Competition is the driving force behind our American system of free enterprise.
Competition allows markets to work more efficiently by producing cheaper
goods and services that satisfy consumers’ needs. However, competition
is not without regulations and there are many laws regarding unfair competition.
One of the most common civil causes of action in Florida concerning unfair
competition is tortious interference. Tortious interference occurs when
a competitor convinces a party having a business relationship with another
competitor to breach a contract or duty to the other competitor.
Elements of a Tortious Interference Claim
Under Florida law, there are five elements that must be proven to succeed
on a tortious interference with contract claim:
- A valid contract existed between the plaintiff and a third party.
- The defendant knew of the contract.
- The defendant took actions intended to induce a breach or disruption of
- There was no legal justification for the defendant’s actions.
The interference can be with a single contractual provision. It need not
be with the entire contract if the effect denies benefits under the contract
to the plaintiff.
For a successful tortious interference claim, the plaintiff must also show
that the defendant’s actions actually caused the breach of the contract
Defenses to a Tortious Interference Claim
The following are complete defenses to a tortious interference claim:
- The defendant did not know about the contract.
- The defendant did not intend for its conduct to interfere with the contract.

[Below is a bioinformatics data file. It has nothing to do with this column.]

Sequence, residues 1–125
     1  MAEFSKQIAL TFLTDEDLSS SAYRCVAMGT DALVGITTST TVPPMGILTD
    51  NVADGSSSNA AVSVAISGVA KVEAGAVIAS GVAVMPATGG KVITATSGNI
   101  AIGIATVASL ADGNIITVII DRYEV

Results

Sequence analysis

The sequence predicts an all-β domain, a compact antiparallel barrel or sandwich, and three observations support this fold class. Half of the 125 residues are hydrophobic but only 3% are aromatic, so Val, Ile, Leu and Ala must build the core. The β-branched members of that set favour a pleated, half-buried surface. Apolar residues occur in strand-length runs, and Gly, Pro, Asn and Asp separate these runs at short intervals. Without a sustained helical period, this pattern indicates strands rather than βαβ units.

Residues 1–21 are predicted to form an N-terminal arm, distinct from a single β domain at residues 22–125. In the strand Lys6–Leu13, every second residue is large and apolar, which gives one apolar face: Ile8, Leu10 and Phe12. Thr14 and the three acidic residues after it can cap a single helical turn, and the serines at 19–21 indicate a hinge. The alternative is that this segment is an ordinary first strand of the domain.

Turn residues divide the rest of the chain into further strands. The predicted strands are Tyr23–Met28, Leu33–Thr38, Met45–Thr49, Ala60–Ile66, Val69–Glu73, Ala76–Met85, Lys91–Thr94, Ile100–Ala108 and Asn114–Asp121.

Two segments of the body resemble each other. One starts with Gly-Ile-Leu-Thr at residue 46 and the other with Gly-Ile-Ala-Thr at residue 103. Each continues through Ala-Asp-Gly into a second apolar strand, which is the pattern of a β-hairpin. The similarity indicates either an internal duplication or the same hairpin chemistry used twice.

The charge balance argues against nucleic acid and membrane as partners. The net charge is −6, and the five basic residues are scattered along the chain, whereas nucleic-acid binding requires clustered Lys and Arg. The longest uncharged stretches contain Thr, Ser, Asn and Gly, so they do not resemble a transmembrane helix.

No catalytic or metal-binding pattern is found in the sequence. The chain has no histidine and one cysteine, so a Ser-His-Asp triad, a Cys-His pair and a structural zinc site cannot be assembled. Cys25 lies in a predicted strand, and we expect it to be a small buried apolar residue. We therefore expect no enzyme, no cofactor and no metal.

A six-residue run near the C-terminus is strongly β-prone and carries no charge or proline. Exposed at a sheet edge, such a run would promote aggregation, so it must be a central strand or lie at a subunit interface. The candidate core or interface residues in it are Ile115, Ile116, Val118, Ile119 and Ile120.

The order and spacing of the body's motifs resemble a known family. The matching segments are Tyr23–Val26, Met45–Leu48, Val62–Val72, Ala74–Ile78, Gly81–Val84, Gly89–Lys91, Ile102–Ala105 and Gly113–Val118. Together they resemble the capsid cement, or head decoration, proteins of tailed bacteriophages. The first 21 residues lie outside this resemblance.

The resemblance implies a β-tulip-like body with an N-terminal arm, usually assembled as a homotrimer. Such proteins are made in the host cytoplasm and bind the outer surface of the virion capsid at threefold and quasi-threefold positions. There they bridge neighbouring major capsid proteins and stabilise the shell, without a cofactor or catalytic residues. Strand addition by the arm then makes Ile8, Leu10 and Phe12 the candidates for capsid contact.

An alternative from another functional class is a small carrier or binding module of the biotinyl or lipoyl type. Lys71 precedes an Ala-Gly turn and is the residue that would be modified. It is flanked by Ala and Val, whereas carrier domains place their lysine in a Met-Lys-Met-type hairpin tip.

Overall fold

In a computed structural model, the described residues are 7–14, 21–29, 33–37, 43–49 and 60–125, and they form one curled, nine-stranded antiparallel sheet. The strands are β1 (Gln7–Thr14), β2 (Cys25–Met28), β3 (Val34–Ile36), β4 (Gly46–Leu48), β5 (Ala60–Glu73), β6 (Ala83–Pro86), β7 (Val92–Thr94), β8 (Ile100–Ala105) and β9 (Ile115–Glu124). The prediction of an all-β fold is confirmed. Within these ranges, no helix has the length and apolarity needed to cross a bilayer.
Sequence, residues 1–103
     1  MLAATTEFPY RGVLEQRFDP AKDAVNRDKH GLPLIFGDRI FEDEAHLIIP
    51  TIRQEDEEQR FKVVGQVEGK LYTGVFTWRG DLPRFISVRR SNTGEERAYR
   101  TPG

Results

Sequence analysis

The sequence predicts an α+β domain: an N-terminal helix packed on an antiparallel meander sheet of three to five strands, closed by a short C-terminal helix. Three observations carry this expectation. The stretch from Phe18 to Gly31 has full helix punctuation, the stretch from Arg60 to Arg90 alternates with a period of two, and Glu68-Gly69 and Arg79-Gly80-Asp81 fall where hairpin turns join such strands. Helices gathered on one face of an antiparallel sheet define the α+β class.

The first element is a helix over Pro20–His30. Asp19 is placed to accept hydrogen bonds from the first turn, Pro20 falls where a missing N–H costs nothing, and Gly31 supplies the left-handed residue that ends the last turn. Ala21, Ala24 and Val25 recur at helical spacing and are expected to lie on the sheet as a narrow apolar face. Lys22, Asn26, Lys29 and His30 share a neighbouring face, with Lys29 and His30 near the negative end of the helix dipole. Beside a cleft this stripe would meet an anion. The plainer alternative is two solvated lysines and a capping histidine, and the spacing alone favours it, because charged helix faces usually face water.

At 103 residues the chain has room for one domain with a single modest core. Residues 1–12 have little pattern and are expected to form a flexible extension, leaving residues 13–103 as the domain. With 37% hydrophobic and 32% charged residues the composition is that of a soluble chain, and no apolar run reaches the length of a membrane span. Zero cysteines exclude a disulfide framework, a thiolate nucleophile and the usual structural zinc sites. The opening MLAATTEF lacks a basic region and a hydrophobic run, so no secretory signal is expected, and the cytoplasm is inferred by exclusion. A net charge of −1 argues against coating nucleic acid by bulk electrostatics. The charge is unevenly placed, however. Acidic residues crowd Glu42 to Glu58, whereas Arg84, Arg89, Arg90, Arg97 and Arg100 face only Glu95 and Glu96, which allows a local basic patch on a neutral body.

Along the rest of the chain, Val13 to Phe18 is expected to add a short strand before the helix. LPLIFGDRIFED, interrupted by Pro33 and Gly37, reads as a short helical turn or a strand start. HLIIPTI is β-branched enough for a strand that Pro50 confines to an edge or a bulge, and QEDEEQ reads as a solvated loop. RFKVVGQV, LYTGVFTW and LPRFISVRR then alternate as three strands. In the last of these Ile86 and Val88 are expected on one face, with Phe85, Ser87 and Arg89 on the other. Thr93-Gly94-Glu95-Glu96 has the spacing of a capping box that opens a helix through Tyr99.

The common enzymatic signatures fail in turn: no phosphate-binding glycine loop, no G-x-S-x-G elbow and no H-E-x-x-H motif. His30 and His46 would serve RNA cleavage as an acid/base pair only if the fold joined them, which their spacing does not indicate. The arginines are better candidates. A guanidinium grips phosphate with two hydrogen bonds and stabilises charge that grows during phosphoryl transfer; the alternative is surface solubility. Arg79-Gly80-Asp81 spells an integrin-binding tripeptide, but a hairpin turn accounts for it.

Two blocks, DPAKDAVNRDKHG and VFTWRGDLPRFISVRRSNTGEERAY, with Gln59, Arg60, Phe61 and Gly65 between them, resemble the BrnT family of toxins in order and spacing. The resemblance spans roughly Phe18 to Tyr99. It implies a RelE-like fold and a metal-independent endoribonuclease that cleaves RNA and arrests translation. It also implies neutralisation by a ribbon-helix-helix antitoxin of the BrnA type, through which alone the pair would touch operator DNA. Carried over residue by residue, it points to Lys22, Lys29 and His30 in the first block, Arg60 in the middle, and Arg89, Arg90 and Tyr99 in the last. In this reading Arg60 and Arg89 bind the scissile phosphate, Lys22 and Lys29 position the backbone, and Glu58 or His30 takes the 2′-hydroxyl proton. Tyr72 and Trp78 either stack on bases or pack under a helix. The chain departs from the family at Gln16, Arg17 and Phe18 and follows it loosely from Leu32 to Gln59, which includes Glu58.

- The contract would have been breached even without the interfering conduct.
- A valid contract was not in effect when the defendant’s conduct occurred.
- The defendant had legal justification or privilege for its actions.
These negate necessary elements of a tortious interference claim
Damages for Tortious Interference
Damages for a successful tortious interference with contract claim are
economic. The damages are calculated to reasonably compensate the plaintiff
for the loss suffered due to the defendant’s interfering conduct.
The settlement of a breach of contract action does not necessarily preclude
recovery on a tortious interference claim involving the same contract.
Competition is an expected, common part of business. However, if you believe
that someone is improperly interfering with your business relationships,
our knowledgeable Florida business litigation lawyers at the
Rosenthal Law Group can assist you in determining whether such objectionable conduct constitutes
proper economic competition or actionable tortious interference.
Call our offices at 954.947.5890 today.